Self-Care in a Pandemic

JoHome & Garden, Lifestyle


A pandemic is never a situation that any of us ever expect to find ourselves in, relegated most commonly to science fiction books and films. However, 2020 is the year that a virus caused and continues to create havoc. In the middle of it all our social connections are fractured, we miss our families and friends, and have to deal with big life moments without the support that we might have once relied upon. Is it any wonder that serious concern is being shown towards the mental health not just of our nation but around the globe, as we continue to try to hold ourselves up and get on with a life that is far removed from normality.

With the winter months rolling in across the Northern Hemisphere, I thought it might be helpful to revisit my tips for self-care, updated to take into account that many ideas I have shared before are not currently possible. So, what can you do to look after yourself in the midst of a global pandemic?

Go outside.

If at all possible, go and sit in your garden for an hour, or on your front doorstep. If you’re allowed to, venture to the local park and sit on a bench or take your own folding chair. Listen – to the wind, the birds, even just the noise of humanity. However much we are shut away from each other, it is comforting to know that people are still taking walks with their dogs, driving to appointments or the shops, or playing games with their children.

Forest of Dean trees


I am a big believer of jumping into a good book to let my mind wander. If you really want some escapism try reading or rereading a classic. Think Jane Austen, Thomas Hardy, F. Scott Fitzgerald. Even poets such as Wordsworth, Keats or Byron can eject you from the news of today’s world.

Screen breaks.

Do you ever find yourself somewhat aimlessly scrolling through your mobile phone, checking and rechecking the news and social media? Take a break from your screen, have a ‘phone in the drawer’ day and focus your attention elsewhere. This is especially important at night time when our brains need to switch off and relax away from the glare of a screen, so that we can get a good night’s sleep. Either make use of the bedtime function on your phone, or consider setting a regular alarm at 9 pm which will act as a reminder to turn it off until breakfast time the following day.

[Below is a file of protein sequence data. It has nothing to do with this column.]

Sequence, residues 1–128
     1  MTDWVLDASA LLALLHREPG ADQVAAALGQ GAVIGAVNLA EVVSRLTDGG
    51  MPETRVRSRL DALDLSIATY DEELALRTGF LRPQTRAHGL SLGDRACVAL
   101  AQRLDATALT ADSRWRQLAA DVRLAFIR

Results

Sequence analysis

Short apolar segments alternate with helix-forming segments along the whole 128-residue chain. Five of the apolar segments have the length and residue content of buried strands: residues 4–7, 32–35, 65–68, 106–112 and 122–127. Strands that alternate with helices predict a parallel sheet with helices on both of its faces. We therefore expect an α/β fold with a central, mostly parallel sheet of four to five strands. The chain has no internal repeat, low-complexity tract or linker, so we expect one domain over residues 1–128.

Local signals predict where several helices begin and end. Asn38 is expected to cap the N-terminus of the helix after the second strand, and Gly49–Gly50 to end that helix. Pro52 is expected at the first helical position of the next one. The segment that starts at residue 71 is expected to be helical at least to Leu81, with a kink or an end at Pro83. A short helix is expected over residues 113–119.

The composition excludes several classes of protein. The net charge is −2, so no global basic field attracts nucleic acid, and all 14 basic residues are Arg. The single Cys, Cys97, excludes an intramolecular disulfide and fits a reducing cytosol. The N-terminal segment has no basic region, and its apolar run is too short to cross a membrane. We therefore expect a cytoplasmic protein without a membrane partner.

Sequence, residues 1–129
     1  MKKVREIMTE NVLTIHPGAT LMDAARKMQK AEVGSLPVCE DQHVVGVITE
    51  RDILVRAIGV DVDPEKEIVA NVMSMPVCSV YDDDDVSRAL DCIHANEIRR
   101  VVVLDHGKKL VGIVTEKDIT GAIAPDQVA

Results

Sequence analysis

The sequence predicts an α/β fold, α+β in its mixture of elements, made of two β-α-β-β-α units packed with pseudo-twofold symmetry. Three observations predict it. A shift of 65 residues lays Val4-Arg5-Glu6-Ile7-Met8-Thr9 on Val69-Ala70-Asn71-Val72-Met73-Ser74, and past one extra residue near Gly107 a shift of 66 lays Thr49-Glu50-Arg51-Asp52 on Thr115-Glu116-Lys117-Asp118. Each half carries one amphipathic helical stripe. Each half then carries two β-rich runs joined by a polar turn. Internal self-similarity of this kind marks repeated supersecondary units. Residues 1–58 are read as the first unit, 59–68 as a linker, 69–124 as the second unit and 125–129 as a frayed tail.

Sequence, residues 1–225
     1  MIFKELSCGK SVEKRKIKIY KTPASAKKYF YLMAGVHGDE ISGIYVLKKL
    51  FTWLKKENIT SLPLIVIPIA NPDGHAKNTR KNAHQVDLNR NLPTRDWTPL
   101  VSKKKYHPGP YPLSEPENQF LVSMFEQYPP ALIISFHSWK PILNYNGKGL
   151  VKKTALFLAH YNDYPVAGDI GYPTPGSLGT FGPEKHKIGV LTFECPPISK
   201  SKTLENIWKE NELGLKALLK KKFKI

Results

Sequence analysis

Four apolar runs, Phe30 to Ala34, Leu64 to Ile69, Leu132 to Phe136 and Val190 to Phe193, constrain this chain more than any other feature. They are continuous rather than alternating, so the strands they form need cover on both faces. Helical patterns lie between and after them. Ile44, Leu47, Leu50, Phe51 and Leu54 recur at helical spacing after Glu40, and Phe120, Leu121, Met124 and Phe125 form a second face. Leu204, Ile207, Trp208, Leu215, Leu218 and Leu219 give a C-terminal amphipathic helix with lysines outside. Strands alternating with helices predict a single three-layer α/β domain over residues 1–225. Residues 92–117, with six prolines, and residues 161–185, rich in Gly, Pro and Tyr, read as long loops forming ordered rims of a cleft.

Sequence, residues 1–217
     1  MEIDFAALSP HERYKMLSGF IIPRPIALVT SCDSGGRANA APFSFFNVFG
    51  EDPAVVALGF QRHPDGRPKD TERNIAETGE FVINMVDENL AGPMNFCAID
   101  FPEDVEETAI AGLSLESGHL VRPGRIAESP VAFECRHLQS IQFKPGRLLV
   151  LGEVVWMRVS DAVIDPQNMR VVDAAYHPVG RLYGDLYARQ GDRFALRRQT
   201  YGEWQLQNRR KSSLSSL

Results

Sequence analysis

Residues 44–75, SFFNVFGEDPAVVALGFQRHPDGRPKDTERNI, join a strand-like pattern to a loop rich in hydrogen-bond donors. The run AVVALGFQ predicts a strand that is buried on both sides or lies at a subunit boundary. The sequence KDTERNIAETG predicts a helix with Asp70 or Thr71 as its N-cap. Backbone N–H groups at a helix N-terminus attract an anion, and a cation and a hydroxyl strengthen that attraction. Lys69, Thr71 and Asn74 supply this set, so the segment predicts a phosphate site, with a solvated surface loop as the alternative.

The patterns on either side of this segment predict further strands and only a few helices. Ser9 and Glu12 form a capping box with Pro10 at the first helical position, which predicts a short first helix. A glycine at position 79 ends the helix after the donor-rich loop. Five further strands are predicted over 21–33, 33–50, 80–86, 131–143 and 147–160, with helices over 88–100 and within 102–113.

Having a good clear out can help to order and even ease the mind. Our environment can have a direct impact on our mood, with some studies showing that people who live in a cluttered home have higher levels of cortisol (the stress hormone). Rather than starting with an entire room or area, which might feel a little overwhelming, why not start with a corner, a drawer, under a bed or go through your wardrobe. Despite the various levels of lockdown, many charity shops are still accepting donations, although it is worth checking directly with those in your local area. Take a look at your local refuse site too, which may also take preloved items to fix up or sell on.

Cook breakfast or brunch.

All too often life whizzes by in a series of ticks against a to-do list. Really pause and do something for yourself that you might not normally make space for in your daily schedule. Having a cooked breakfast or brunch is a great example of this. Toast a bagel, fry some mushrooms, heat up a croissant. Whatever makes for an enjoyable morning meal that can be eaten without a hurry.

Slow coffee


Vary where you spend your time indoors. We may laugh about having tickets to an “exclusive” residents’ garden party or an “invite only” kitchen disco, but varying where you spend your time can help to shift things around for you. Always on a video conference in the corner of the living room? Why not switch to the kitchen? Tend to read books in bed? Why not run yourself a bath or read on the sofa instead?


It is easy to feel overwhelmed by technology, and as much as video calls are great, sometimes they can be off-putting too. Why not make a phone call instead, write a letter or an email to someone, or even play a game online with a trusted family member or friend (I love playing Scrabble style games with my sisters for example!).


Getting exercise is known to raise endorphins which trigger feelings of wellbeing in your body.  It doesn’t have to be gut crunching, sweaty work outs though. If you’re after something more calming, take a look at online sessions of Yoga and Pilates or even Tai Chi which you can move through at your own pace in the comfort of your own home.


Always wanted to learn to knit, speak another language, paint with watercolours or upcycle some furniture? Now is a great time to take up a new hobby or learn a new skill. There are plenty of ways to do this, from all in one kits that you can buy from small, independent businesses, to online courses that you can sign up for. Pinterest is buzzing with brilliant ideas and is a great place to look for resources as well.

And finally,

Be Kind.

Showering others with kindness, gratitude and goodwill can make us feel better about ourselves but also, possibly even more importantly, it helps us to feel connected to others. It is so important to remember that even in the challenging times of a global pandemic, we are still able to appreciate those around us and share some love.

I do hope that the above tips might be useful! What works for you that I’ve missed? Let me know in the comments below.